Boost Your Career with ELS/CELTA

Augment your career prospects by earning the prestigious 4-week CELTA certificate through ELS Language Centers, offered in the heart of downtown Seattle, Washington. MORE


National Curriculum reform postponed following in-depth review
Teaching personnel    Share    Share on FacebookTwitterShare on LinkedinE-mail article
Great Britain: One of the key tenets of Michael Gove's term as education secretary has been to reform the National Curriculum, and during the last year an in-depth review of the curriculum has been examining it and comparing it against high performing education systems in other countries. Gove recently published the results of the review, setting out what he sees as the challenges facing the national education system. More

Rwanda: Recruitment of teachers of English is welcome
The New Times via AllAfrica.com (commentary)    Share    Share on FacebookTwitterShare on LinkedinE-mail article
Rwanda: The Government bid to recruit teachers from the East African Member states, to teach English Language and Literature is welcome. The development of English teaching is critical at this time of the country's regional integration in the East African Community and indeed in the family of Commonwealth of Nations, whose most notable feature is the use of English as either official or national language. In some countries it serves both functions. More





California educators look to better English learning
The Associated Press via CBS News    Share    Share on FacebookTwitterShare on LinkedinE-mail article
Roberto Bautista was lost when he entered kindergarten speaking only Spanish and was placed in a program where the teacher only spoke English. The Los Angeles fifth-grader's experience is typical of Spanish-speaking children in California. Many fall behind in academics as they learn English then struggle to catch up. They often don't. More

Reading Level Gains Guaranteed!

ESL ReadingSmart is an innovative, standards-based English language-learning program that offers individualized, content-based instruction for English learners of all levels.
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The new 3 R's: Read, remember, regurgitate
The San Diego Union-Tribune (commentary)    Share    Share on FacebookTwitterShare on LinkedinE-mail article
Latino students are not graduating at rates equivalent to those whose first language is English. Is that surprising? It solidifies our worst fears that education is not reaching minority students and especially a group that may soon be the majority in the state of California, our Latino students. Targeted funds addressing their needs have cost taxpayers millions over the past couple of decades but have improved nothing. Why not? Could it be that school is now as it has been in the past — only worse? With test, test, test being the lesson of the day, we seem to be teaching the new three R's of the 21st century: read, remember and regurgitate. More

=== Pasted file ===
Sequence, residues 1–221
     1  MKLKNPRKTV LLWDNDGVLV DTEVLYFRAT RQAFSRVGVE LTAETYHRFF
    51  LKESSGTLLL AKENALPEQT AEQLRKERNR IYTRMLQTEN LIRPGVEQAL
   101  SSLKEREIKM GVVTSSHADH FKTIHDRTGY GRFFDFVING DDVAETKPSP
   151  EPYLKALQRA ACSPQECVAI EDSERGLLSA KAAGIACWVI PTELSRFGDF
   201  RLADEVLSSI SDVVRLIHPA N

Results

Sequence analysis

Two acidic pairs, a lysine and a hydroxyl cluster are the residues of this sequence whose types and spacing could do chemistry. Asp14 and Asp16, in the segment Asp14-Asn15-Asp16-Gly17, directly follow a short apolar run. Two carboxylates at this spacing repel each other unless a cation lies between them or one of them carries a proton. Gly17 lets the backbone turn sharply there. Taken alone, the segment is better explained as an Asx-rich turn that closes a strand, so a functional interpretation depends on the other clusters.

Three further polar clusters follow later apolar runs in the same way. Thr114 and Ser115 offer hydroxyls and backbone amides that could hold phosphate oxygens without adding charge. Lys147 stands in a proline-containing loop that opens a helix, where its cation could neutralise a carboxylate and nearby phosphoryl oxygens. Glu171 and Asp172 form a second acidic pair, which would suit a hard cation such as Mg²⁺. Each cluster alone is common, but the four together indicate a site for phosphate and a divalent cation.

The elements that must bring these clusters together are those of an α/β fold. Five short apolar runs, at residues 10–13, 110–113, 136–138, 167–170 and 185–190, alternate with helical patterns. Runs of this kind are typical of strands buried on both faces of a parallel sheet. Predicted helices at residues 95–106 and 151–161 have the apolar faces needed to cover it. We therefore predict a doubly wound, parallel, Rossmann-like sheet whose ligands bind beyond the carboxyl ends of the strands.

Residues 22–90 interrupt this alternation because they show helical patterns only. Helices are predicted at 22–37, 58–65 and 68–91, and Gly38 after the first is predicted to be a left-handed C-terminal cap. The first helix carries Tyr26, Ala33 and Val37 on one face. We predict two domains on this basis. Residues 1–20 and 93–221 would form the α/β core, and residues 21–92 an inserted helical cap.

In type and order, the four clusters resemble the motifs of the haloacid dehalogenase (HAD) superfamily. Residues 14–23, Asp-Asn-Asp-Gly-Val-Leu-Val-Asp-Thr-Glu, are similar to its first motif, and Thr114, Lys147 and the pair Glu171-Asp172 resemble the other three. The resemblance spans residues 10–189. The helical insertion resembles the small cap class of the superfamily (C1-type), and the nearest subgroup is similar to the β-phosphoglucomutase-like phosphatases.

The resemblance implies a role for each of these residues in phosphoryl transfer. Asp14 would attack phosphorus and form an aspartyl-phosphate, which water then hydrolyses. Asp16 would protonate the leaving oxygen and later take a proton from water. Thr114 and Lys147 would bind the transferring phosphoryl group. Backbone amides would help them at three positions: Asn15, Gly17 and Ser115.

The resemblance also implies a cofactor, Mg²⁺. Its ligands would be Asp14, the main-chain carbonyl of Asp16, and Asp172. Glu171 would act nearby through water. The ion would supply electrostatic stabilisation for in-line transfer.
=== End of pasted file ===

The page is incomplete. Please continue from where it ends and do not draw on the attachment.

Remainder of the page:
Judge: Tucson ethnic-studies program violates Arizona law
Los Angeles Times    Share    Share on FacebookTwitterShare on LinkedinE-mail article
The Tucson school district's Mexican American studies program violates state law, an Arizona administrative law judge ruled, paving the way for the possible demise of the program. The judge affirmed a prior decision by the state's schools chief that the Tucson Unified School District's program violates a law that aims to outlaw divisive ethnic studies classes. In June, John Huppenthal, the state superintendent of public instruction, had deemed the program to be in violation of the law. That law, among other things, bans classes primarily designed for a particular ethnic group or that "promote resentment toward a race or class of people." The school district appealed the ruling, and testimony before the administrative law judge concluded in October. More

College scholarships abound for bilingual students
U.S.News & World Report    Share    Share on FacebookTwitterShare on LinkedinE-mail article
Speaking more than one language can be a huge advantage in many parts of your life. Bilingual fluency is attractive to employers; it can help you get around outside the United States; and, if you know where to look, it can also mean scholarship dollars for college. Many bilingual scholarship programs are limited to certain schools or subject areas, but if you are fluent — or becoming fluent — in more than one language, these might just fit the bill. More

SCOLA: Developing Today's Language Students

Help your language students excel: use SCOLA’s current, authentic foreign language material to develop language skills, cultural awareness, and a love for languages. MORE


Group: About 15 percent of charter schools shut down
Education Week    Share    Share on FacebookTwitterShare on LinkedinE-mail article
About 15 percent of the nation's charter schools close — and that's not a bad thing, according to a newly released report, which argues that those shutdowns are proof that the system weeds out institutions that can't cut it for one reason or another. Of roughly 6,700 charter schools that have opened in the United States, 1,036 have closed since 1992, says a report unveiled by the Center for Education Reform, in Washington. More



Study: More education increases IQ score
Voice of America    Share    Share on FacebookTwitterShare on LinkedinE-mail article
Staying in school really can make you smarter. A new study from Norway finds that students who remain in school longer than their counterparts have higher IQ scores. In the mid-1950s, the Norwegian government began requiring students to attend school until they were 16-years-old, rather than allowing them to drop out at 14. Communities had until 1972 to phase in the compulsory education reform, which meant that, for nearly 20 years, youngsters in some municipalities went to school for seven years and others attended classes for at least nine years. Students who got a full two years of extra schooling showed an IQ gain of more than 7 points. More